On Wednesday night, Jan 23, I attended what seemed to be two more Washington DC area Jewish community programs spouting the standard pro-Israel messages. By the end of the evening I realized that we may in fact have heard the next iteration of the so called mainstream Jewish Community messaging on Israel and Palestine.
First some background. The leadership of the Washington DC Jewish Community skews heavily older, male and right wing, which is no surprise, and the local programs on Israel normally reflect their views. One exciting exception is Theater J, our local Jewish Community Theater Company based in the DC Jewish Community Center and funded partially by the local Federation. Theater J’s annual “Voices from a Changing Middle East Festival” features contemporary work from Israel about all current issues and is known for presenting diverse views and excellent discussion programs with speakers representing all segments.
Needless to say, the programs are controversial and significant elements on the far right in the community are lobbying heavily to cut off Federation funding for Theater J. Partially surrendering to this element Theater J downgraded their scheduled showing of “The Admission” An Israeli homage to All My Sons set in Haifa during the first Intifada from a full production to a workshop with a reduced schedule. In addition, to show balance they added a two week long production of “Golda’s Balcony” to the schedule.
The JCC also started a new series of programs, “Embracing Democracy” which it describes as, “…a community-wide conversation with leading experts exploring the relationship between the American Jewish community and Israel, its history and its politics.” The program is hardly diverse leaving out major segments of the Jewish community and totally ignoring the perspective of Palestinian citizens of Israel. Wednesday, due to bad weather, two of these programs were held back to back at a local synagogue instead of the DCJCC to accommodate high ticket sales.
The first program, “Examining the History of 1948” was a panel discussion followed by a conversation with Ari Shavit, author of “My Promised Land: The Triumph and Tragedy of Israel” in conversation with Leon Wieseltier, Literary Editor of The New Republic. The room was almost full with about 1,000 people almost all of whom were well over 60. I won’t waste time reporting the standard pro-Israel messages that permeated the program, especially the meaningless love fest between Shavit and Wieseltier.
What I believe to be significant is that we heard a new narrative for the events of 1948. Donna Robinson Divine, Professor of Jewish Studies and Government at Smith College was the first speaker on the 1948 panel. She admitted that there are many conflicting narratives about the War of Independence and the Nakba. While she started by denigrating the concept of the Nakba she went on to admit that Israel did in fact forcibly evict Palestinians during the War of Independence.
Even more significant was Shay Hazkani, a doctoral candidate at NYU in Hebrew and Judaic Studies and History. Hazkani is studying the conflict through personal letters of Israeli and Arab soldiers intercepted and copied by Israeli intelligence. He has found documents in the Israeli government archives documenting David Ben Gurion’s deliberate effort to re-write the history of the Nakba in the early 1960s to reduce political pressure on Israel to make peace. Ben Gurion persuaded Israeli historians and propagandists to create the myth of voluntary relocation at the urging of Arab governments. The Israeli government denies this yet for the DC Jewish Community to give Hazkani a significant platform seems very significant, especially in light of the final panel presentation.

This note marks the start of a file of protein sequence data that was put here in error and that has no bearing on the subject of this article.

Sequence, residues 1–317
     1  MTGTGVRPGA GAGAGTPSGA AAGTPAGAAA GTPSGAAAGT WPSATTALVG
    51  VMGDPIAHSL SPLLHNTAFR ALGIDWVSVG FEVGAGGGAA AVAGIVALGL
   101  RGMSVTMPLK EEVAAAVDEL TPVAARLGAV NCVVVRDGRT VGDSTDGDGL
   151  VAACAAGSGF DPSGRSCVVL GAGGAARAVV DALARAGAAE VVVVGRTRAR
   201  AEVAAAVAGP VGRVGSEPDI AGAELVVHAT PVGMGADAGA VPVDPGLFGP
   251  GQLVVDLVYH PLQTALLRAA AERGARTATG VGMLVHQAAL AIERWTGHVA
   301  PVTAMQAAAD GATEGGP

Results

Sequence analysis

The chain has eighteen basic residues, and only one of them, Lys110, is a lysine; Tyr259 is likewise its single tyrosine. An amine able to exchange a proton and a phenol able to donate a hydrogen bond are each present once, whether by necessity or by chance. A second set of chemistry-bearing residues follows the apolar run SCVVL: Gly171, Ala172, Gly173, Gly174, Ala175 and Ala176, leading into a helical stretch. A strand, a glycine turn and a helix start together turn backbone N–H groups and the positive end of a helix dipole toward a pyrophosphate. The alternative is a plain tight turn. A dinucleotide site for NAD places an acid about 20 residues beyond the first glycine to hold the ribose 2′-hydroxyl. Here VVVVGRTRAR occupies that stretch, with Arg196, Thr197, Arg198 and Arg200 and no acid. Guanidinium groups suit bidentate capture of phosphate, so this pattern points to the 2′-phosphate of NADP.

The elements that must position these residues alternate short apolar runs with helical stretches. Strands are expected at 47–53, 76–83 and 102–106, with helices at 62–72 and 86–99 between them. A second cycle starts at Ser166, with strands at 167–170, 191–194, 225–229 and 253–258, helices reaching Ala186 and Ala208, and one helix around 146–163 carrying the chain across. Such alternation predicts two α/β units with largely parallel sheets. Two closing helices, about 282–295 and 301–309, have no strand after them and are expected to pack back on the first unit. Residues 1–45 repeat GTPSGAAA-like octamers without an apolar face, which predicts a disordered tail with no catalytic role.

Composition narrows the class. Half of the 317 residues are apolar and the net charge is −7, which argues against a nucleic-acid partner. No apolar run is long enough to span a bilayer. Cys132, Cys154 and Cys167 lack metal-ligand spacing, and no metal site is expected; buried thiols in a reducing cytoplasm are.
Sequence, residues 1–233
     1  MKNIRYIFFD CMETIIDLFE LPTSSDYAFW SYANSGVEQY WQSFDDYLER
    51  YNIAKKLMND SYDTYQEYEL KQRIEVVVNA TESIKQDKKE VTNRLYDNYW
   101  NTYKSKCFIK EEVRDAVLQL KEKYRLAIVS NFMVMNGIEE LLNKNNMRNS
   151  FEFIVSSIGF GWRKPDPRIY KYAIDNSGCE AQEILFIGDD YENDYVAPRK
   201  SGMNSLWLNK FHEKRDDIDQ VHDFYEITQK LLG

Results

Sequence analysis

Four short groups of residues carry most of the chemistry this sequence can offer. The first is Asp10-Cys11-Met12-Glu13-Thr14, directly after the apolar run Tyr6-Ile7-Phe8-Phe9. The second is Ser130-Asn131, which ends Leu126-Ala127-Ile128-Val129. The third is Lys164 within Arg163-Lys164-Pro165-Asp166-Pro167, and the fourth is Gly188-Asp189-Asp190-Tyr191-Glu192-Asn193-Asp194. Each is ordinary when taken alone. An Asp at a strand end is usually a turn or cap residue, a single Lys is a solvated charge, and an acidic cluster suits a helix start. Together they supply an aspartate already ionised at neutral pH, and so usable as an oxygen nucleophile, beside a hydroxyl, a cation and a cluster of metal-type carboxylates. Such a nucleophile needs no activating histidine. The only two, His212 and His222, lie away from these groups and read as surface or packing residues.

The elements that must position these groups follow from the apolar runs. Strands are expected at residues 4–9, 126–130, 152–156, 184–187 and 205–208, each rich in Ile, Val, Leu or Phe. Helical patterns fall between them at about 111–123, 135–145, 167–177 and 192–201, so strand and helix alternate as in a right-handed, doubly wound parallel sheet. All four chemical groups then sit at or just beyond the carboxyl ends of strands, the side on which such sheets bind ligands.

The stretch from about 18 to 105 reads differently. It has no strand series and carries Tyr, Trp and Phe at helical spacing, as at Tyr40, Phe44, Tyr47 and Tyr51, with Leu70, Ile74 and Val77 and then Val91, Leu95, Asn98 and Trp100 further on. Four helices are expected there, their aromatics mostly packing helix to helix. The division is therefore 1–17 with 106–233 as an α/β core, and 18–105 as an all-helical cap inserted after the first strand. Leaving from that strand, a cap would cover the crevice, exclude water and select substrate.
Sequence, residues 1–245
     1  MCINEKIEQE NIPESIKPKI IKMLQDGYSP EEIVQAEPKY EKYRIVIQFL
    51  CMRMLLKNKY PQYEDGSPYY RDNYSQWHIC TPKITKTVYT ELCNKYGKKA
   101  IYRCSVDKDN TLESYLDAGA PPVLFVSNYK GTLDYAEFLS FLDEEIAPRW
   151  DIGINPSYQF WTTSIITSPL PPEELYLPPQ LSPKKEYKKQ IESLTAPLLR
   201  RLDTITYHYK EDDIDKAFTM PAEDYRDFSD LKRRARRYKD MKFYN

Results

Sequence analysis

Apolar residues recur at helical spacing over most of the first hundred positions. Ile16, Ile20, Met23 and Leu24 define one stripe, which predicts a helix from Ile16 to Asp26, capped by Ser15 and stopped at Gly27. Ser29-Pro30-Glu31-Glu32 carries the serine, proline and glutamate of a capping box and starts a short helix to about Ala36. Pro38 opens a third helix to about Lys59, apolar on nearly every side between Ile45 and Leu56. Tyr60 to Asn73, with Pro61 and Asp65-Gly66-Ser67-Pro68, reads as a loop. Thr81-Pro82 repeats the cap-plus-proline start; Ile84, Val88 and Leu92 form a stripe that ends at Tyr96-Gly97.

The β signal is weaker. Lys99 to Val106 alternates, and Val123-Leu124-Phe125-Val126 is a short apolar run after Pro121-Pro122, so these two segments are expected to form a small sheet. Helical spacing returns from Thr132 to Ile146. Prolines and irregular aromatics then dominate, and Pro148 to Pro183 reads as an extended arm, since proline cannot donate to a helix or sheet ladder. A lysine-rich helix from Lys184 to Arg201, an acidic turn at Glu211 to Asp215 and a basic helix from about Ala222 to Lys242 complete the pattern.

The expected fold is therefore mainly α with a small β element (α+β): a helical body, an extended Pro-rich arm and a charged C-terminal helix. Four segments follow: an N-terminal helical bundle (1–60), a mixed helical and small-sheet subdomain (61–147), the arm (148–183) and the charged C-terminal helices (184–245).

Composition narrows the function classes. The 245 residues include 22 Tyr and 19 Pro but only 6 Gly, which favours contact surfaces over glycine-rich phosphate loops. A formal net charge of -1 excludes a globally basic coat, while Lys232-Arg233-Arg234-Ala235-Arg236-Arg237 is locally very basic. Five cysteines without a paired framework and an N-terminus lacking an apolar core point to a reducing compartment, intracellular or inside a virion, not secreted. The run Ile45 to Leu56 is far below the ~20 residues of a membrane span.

Dr. Yehuda Kurtzer is President of the Shalom Hartman Institute of North America and widely known as a leading pro-Israel educator and historian. His presentation can be summed up simply as, sure, we did it but Israel was morally justified and besides who cares?
His remarks included comments like, “Does knowledge change our identity?” and “Selective memory is legitimate”. Maybe most telling of all, “Does a new variable change things? No, facts don’t create identity.”
During the very short Q&A after the panel and then in the Shavit discussion we heard much of the same thing. Lots of rationalization, discussion of the Holocaust, how Europe abandoned Israel in 1967 and 73 all boiling down to Israel is the paragon of virtue. Sure it did a few bad things in 1948 but we were justified and besides every nation was born in war.
Why you may ask is this significant? It is clear to many of us that Israel is losing the American public relations battle. Apparently some American Jewish “leaders” have realized that the truth is coming out about the Nakba so they have to modify their propaganda. Wednesday night the loyal audience of 60 + year old Israel supporters seemed to eat it up.
Shavit lamented that the audience was of the older generation and that the Israel message is not reaching American Jewish youth. He acknowledges that younger people are seeing through the fiction and demand the truth but seems to honestly believe that Americans will accept this modified and limited truth while continuing to place all the blame for the conflict on Palestinians and other Arab countries-.
Personally, I see this new messaging as an opportunity. As more American Jewish leaders admit that Israel did in fact deliberately evict Palestinians and that the Nakba is real it will be much easier to show that the issue is not one-sided. Hopefully this apparent legitimatization of the Palestinian narrative will open the hearts and minds of many Americans to the truth about Israel and result in significantly more pressure on American and Israeli leaders to end the occupation and negotiate fairly with Palestinians.